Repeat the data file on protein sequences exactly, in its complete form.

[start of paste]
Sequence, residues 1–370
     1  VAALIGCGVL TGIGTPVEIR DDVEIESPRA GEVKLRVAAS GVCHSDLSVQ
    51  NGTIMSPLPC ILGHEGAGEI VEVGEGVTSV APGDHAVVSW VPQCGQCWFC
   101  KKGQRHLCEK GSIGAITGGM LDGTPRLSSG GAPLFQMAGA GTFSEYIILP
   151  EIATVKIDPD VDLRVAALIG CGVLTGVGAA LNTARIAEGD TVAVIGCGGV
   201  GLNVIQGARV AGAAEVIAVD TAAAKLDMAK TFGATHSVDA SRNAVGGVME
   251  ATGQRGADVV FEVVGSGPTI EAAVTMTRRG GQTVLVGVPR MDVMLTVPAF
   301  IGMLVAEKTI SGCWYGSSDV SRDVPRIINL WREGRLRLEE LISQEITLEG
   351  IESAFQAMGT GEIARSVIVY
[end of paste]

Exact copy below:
Sequence, residues 1–370
     1  VAALIGCGVL TGIGTPVEIR DDVEIESPRA GEVKLRVAAS GVCHSDLSVQ
    51  NGTIMSPLPC ILGHEGAGEI VEVGEGVTSV APGDHAVVSW VPQCGQCWFC
   101  KKGQRHLCEK GSIGAITGGM LDGTPRLSSG GAPLFQMAGA GTFSEYIILP
   151  EIATVKIDPD VDLRVAALIG CGVLTGVGAA LNTARIAEGD TVAVIGCGGV
   201  GLNVIQGARV AGAAEVIAVD TAAAKLDMAK TFGATHSVDA SRNAVGGVME
   251  ATGQRGADVV FEVVGSGPTI EAAVTMTRRG GQTVLVGVPR MDVMLTVPAF
   301  IGMLVAEKTI SGCWYGSSDV SRDVPRIINL WREGRLRLEE LISQEITLEG
   351  IESAFQAMGT GEIARSVIVY